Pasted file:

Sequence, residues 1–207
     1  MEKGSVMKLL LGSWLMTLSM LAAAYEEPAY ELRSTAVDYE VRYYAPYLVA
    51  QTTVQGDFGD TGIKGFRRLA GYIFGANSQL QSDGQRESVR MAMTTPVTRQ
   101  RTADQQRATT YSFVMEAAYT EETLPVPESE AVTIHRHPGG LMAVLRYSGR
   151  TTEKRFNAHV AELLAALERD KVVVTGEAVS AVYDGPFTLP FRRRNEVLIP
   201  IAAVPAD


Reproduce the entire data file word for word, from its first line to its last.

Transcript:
Sequence, residues 1–207
     1  MEKGSVMKLL LGSWLMTLSM LAAAYEEPAY ELRSTAVDYE VRYYAPYLVA
    51  QTTVQGDFGD TGIKGFRRLA GYIFGANSQL QSDGQRESVR MAMTTPVTRQ
   101  RTADQQRATT YSFVMEAAYT EETLPVPESE AVTIHRHPGG LMAVLRYSGR
   151  TTEKRFNAHV AELLAALERD KVVVTGEAVS AVYDGPFTLP FRRRNEVLIP
   201  IAAVPAD